A College Perspective on Obesity

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Posted Sat, Nov 7, 2015

Epidemic: Prevent and/or reduce overweight and obesity through improved eating and physical activity behaviors. (Photo provided by CDC/ Amanda Mills)

EPIDEMIC: Prevent and/or reduce overweight and obesity through improved eating and physical activity behaviors. [Photo: CDC/Amanda Mills]

DENVER— The movie “Fast Food Nation” (’06) and “Super Size Me” (’04) has one thing common — obesity.

Obesity is a complex condition containing an unnecessary amount of body fat with a high-body mass index (BMI).

According to the website ProCon.org, the United States is the second most obese developed country in the world. A report in 2013 specified that 31.8 percent of Americans were obese, more than the mid-1970s when it was 14 percent. Sadly, it has accounted for 10 percent of deceases and healthcare expenditures in the United States.

University of Colorado Springs sophomore Devyn Palm-Trujillo says that needs to change.  “I think it’s embarrassing. How advance the U.S. is, and the potential in all of the technology and opportunities that America has, it shouldn’t be number two in the world. [So] if we are one of the most educated countries, then we have the potential to be the most educated in health and living as well. I think it’s unacceptable.”

Obesity percentages among U.S. adults by state and territory in 2014. The Midwest had the highest rate of obesity at 30.7 percent, followed by the South at 30.6 percent, the Northeast at 27.3 percent, and the West at 25.7 percent. (Photo provided by the  Behavorial Risk Factor Surveillance System, CDC)

BON APPETIT: Obesity percentages among U.S. adults by state and territory in 2014. The Midwest had the highest rate of obesity at 30.7 percent, followed by the South at 30.6 percent, the Northeast at 27.3 percent, and the West at 25.7 percent. [Photo: Behavorial Risk Factor Surveillance System, CDC)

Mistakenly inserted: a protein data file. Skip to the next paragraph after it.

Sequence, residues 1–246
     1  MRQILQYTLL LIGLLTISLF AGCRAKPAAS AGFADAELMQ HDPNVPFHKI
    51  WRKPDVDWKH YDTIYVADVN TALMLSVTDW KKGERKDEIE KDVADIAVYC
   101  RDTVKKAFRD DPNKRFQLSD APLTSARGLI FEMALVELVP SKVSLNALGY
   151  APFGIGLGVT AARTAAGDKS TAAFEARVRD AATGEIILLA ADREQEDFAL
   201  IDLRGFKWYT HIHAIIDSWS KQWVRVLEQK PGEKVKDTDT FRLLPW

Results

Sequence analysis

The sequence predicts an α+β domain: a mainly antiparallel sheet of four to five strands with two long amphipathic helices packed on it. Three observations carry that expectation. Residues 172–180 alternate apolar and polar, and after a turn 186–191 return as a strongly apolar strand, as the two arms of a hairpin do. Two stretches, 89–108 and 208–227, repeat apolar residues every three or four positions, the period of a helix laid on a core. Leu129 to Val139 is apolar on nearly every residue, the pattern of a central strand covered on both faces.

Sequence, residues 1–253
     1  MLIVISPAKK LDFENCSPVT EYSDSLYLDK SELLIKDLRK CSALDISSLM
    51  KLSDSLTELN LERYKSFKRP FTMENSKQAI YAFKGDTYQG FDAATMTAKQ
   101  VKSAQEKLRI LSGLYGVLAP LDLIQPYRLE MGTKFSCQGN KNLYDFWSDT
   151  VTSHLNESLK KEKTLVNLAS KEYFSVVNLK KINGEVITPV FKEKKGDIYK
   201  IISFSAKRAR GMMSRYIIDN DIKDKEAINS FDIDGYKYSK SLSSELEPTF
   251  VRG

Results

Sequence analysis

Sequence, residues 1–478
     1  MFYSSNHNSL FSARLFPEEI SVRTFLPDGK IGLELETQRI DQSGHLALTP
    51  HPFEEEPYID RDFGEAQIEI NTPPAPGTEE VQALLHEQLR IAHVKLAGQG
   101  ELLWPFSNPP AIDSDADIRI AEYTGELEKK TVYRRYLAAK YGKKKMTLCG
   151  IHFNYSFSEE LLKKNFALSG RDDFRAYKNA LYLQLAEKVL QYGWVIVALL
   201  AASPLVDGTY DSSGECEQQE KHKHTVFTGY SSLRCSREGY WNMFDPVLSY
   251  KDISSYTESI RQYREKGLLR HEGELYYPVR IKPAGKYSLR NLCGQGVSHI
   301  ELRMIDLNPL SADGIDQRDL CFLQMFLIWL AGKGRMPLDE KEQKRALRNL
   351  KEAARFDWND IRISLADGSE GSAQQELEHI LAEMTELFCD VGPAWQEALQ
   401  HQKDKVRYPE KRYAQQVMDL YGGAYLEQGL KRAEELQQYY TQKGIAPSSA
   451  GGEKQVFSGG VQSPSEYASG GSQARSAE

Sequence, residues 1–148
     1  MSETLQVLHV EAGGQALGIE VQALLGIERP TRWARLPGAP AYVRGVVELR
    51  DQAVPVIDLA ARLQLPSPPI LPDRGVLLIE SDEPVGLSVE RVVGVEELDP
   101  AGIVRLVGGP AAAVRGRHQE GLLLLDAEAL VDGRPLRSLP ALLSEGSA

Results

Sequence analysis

CHRONIC DISEASE?

Being overweight, or obese, has always been a tricky subject for people to understand — even more so when the American Medical Association (AMA) acknowledged it as a disease in 2013.

The website ProCon.org stated, “The FDA, the American Medical Association (AMA), the National Institutes of Health (NIH), American Heart Association, American College of Cardiology, and the Obesity Society considering obesity as a disease with The WHO calling it a chronic disease.”  While, others have call it a complex multifactorial chronic disease, or a chronic debilitating and potentially fatal disease.

Moreover, research says, obesity is an ailment of unusual active functioning involving any structure of an organism with a specific sickness described by signs and symptoms attributable to inheritance, infection, diet, or environment. Obesity, like alcoholism, depression and anxiety, is a sickness because research says there are hormone imbalances, neurotransmitter deficiencies and nutritional exhaustion that contribute to it. Lastly, most individuals can make a distinction between smoking and lung cancer, or the intake of alcohol and liver disease because one is an action while the other is an illness.

“After a certain point when you are so overweight it’s no matter what you can do unless it’s something drastic you can really change it easily,” Palm-Trujillo said. “So, I think at that point it becomes a disease and after that it consumes your whole body so if you were to have kids that would keep carrying on to generation to generation even its not on the proper health term as a disease. I still consider it as a disease at a certain point of being that overweight and unhealthy.”

A LIFESTYLE